EARLY BIRD DISCOUNT THRU SEPT. 30 ($50 OFF)!
Join me this fall for the Grantwriter’s FastTrack Coaching Program, a unique opportunity to develop or refresh your grantwriting skills. We’ll cover a wide range of topics concerning the strategy and craft of grantwriting to foundations and corporations.
The FastTrack Program includes group training, thorough feedback and advice, and individual “laser” coaching. We will help you improve at least one grant proposal in real time, and prepare for many others to come. Together we will create a safe and supportive online group of trusted colleagues.
This online program is designed for you if…
- You have grantwriting responsibilities as a nonprofit development or program staff member, volunteer, or board member
- You are a beginning/intermediate/returning grantwriter
- You have strong writing skills and want to explore the world of grantwriting
Most people try the traditional way of developing professional grantwriting skills. They start as a development or administrative assistant/associate and work their way up over a matter of years (perhaps under the guidance of an experienced Development Director or Executive Director).
But many nonprofit organizations simply lack the time to build the grantwriting capacity of less-experienced folks. And If you have been working on the programmatic side of things and now need to add grantwriting know-how, you may be a bit … lost.
My guess is that you want to develop your skills quickly and efficiently. Your time is at a premium and you are looking for results in a convenient, high-value, low-cost, and supportive professional environment of your peers. Continue reading
Do you write text (copy) for a social sector organization? I’m talking about a nonprofit, social enterprise, or similar group that has a social mission.
If so, you undoubtedly have a lot on your mind. What is the organization’s brand strategy? Who are its target markets? How can you explain the benefits it brings to the community?
It’s also your job to help the organization share information and enthusiasm about its work with interested people who may want to exchange their support (money, time, etc.) for the value the organization adds.
In the social sector, copywriting serves a dual purpose. It aims to both:
A) Promote the organization as part of the solution to a social or environmental problem: It may work with community partners as part of a continuum of care or service, or in a coalition arrangement. If you understand how the organization fits into the mix, you can help identify its uniqueness and special contribution.
Do you know a recent graduate interested in the nonprofit or social enterprise sector? (Hey, that recent graduate might even be you!)
Now that the caps have all been tossed in the air, it may be time to start focusing on the next step. If so, you’re in the right place.
Great writing is CRUCIAL to success in the social sector (nonprofits, foundations, green businesses, and the like). Improve your writing and you’ll boost the effectiveness of your fundraising, marketing, program development, or organizational management. You’ll also become an “authority” (the root of that word is “author”).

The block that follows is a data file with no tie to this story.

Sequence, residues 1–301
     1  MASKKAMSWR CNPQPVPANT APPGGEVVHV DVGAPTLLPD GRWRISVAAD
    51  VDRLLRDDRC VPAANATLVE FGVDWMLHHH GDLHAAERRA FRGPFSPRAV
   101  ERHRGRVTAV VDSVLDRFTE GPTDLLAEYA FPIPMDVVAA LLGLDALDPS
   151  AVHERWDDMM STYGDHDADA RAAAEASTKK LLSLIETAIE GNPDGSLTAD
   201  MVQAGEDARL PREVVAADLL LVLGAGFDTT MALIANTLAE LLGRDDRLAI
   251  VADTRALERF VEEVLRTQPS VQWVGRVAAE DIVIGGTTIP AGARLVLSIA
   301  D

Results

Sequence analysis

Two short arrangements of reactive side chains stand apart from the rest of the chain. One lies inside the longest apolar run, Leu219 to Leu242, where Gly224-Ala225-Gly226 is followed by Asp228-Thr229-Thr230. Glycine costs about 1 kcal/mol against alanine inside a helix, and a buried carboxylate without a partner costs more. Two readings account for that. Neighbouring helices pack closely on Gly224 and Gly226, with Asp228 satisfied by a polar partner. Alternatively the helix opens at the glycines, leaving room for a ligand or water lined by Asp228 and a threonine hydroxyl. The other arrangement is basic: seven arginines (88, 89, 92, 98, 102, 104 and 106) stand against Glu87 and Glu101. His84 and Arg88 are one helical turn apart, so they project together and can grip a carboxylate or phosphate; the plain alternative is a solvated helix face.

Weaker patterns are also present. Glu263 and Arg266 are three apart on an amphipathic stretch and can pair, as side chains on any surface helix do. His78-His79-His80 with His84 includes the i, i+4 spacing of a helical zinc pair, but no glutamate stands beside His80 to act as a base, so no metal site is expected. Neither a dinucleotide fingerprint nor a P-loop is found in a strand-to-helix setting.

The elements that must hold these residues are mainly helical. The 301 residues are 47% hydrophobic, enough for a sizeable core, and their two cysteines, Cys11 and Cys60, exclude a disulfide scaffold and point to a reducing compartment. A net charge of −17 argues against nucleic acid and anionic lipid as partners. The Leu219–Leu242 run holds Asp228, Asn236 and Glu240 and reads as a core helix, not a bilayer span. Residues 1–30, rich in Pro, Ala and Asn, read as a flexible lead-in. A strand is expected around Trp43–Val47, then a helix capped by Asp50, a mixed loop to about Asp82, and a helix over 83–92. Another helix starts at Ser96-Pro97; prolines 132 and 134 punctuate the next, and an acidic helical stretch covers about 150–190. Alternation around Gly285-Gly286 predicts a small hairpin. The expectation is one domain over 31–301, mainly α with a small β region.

But few of us know how to share our work with the world in the most effective and efficient way. That’s where I can help.
Through August 31, I am offering a special Grad Gift Pack, which includes:
A) 20% off your paperback or e-book copy of Writing to Make a Difference: 25 Powerful Techniques to Boost Your Community Impact. This “portable writing coach for social change” is filled with solid advice, examples, bonus tips, and writing exercises designed to get you in the writing groove — no matter what position you get at an organization. Continue reading
Have you been working on your piece for a while, but your creative juices seem to have dried up lately? It may be a good time to do a bit of editing. It can help you clear the deck to figure out what to augment and what to diminish. Then you can fix the newfound problems and move forward. But how do you get started?
Editing will require you to separate from your initial, creative self: the part that knows what you meant to say when you crafted the early drafts of your piece. You must now pretend you are seeing the piece for the first time.
Wearing your new hat, your first job is to scrutinize the big picture—from the perspective of one of your intended readers.
If you have trouble getting that hat to fit, recall other times in your life when you have adopted another person’s point of view. If you have ever acted in a play, done character imitations for your friends, or read lines of dialogue to a child from a storybook, you have some experience pretending to be someone else.
Follow these three steps to get your inner editor going: Continue reading
I was pleased to contribute to the Author Learning Center, an online learning community for book authors.
Check out the 4 video interviews and 1 webinar!
In the first interview, I discuss the three secrets of authors who use their books to influence social change. You can see this 2 1/2-minute video for free here:
The other 3 brief videos cover:
1) Making YouTube Work for You